Nonprofit Global SOF Foundation advocates for tight-knit special operations community

Stu Bradin, president and CEO of the Global SOF Foundation, shares how the nonprofit he founded four years ago helps to advocate for the global special operatio...

The special operations forces community is a small one relative to the rest of the military. This tight-knit network fosters a sense of loyalty so strong that, in one sense, no one ever leaves.

Numerous former special operators work in supporting foundations devoted to the care and betterment of Special Operations Forces (SOF).

That’s certainly the case of Stu Bradin, president and CEO of the Global SOF Foundation, a 501(c)(3) nonprofit that advocates for special operations globally. In 2014, he retired from the military with about 32 years of service, 28 of which were in the special operations community.

During the recent Special Operations Forces Industry Conference  in Tampa near Global SOF headquarters, Federal Drive with Tom Temin spoke with Bradin on Agency in Focus — SOCOM about the work the foundation has done in its four years of existence.

“A lot of it is education,” Bradin said. “We’re an educational nonprofit, so you have a lot of young staffers in any Parliament or any Congress, and so you’ve got to focus on making sure they understand everything so they could present that to their principles in a coherent manner.”

With nearly 2,000 individual members and 74 corporate partners across 64 countries, Global SOF helps SOCOM continue to be a relevant part of global security.

“There’s a lot of turnover in those folks, because they’re young people and they’re there a year, maybe two years and they’re gone,” Bradin said. “So it’s a never ending piece. We do that in a lot of countries, a lot of ministers of defense and people inside the MoDs, they’re not really familiar with special operations. They come from the private sector and have no military background whatsoever. A lot of them are very leery of their own people. They’re not so trusting depending on what country we’re talking about. So having a group of Americans from a nonprofit that can talk to them with no strings attached has been reasonably effective so far.”

What has become a challenge for SOCOM in recent years is how it’s been characterized in each new National Defense Authorization Act, as the Pentagon has changed its approach to special operations and low intensity conflict (SOLIC).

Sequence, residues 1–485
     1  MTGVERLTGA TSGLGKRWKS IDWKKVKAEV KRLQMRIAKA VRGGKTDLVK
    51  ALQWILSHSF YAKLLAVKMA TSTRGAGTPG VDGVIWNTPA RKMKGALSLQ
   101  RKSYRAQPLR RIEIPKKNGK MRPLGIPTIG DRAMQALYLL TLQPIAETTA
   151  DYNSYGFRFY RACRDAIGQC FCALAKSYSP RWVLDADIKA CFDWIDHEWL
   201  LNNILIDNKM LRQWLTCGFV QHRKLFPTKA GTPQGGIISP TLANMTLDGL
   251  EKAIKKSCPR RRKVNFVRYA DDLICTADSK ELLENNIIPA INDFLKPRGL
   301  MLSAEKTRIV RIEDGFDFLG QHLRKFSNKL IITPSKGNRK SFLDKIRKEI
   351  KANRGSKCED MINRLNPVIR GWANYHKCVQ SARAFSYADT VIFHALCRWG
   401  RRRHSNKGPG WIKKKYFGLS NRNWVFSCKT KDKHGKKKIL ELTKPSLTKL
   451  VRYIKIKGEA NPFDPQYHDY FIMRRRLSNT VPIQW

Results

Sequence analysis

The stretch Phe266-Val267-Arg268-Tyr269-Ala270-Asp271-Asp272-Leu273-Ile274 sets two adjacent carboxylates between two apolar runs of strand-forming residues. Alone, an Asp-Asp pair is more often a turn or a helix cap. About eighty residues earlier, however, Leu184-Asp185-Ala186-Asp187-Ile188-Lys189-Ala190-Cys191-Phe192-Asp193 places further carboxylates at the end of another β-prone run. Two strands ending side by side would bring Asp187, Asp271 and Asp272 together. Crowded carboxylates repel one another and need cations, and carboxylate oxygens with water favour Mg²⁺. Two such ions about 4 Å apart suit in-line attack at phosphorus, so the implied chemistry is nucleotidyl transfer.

“What you’re seeing is an evolutionary thing and not something that’s really a major deal,” Bradin said. “If you go back to when the Nunn-Cohen Amendment formed U.S. Special Operations in 1987, there was a move afoot to make it a separate service and the compromise with the service chiefs and everybody was to form U.S. SOCOM and give it major force programming — MFP 11 — money, so it could do its thing.”

Thanks to Nunn-Cohen, SOCOM enjoyed servicelike authorities for a time. But that has changed over the last 30 years.

“They really don’t have all of the servicelike authorities they need to do the things they need,” Bradin said. “And so … SOCOM is the only four-star, congressionally mandated headquarters in the history of the Department of Defense. Without Congress, they would never exist.”

Some members of Congress, however, support the idea of making the assistant secretary of Defense for Special Operations and Low-Intensity Conflict more servicelike. That way it would pick up more of the roles and functions of what the services are doing.

That’s why for the last three years Global SOF has been advocating that the assistant secretary of defense position for special operations be upgraded to an undersecretary position.

“I think it’s really important to make that move,” Bradin said. “I think there’s momentum behind that. The first step is getting all the administrative side lined up behind them. … Anything that you can do to alleviate administrative burdens on the force is a good thing. That’s not a bad thing. It’s not good to be an ASD-SOLIC because you’re going to get more work. But if it actually does take work off the plate of U.S. SOCOM administratively, then I only see that as a good thing and not as a bad thing.”

Another key to Global SOF’s advocacy is its annual SOF Imperatives report, an overview of chief concerns for SOCOM.

“When we do the SOF Imperative document that we put out every year, it’s not us just sitting around making stuff up,” he said. “We actually send out a survey to active duty folks that are actually members of the foundation and we solicit their input. None of this is classified. We’re just kind of trying to get ideas and thoughts and stuff to see where the community is going. We get a lot of input from a lot of people out there. We sort through it, and we have a process of determining how much based on the results of the survey, what goes forward.”

Bradin admits that the SOF Imperatives contains few surprises for SOCOM headquarters, but the annual report is a useful advocacy mechanism on Capitol Hill.

“Special operations sends people into harm’s way every single day, and we often are sent out there with less than adequate resources,” he said. “That’s why the first word is ‘special’ in special operations. We don’t want bad things to happen to them, but often it does. That’s why we put so much emphasis on our people, our training and stuff and that’s why it matters to us.”

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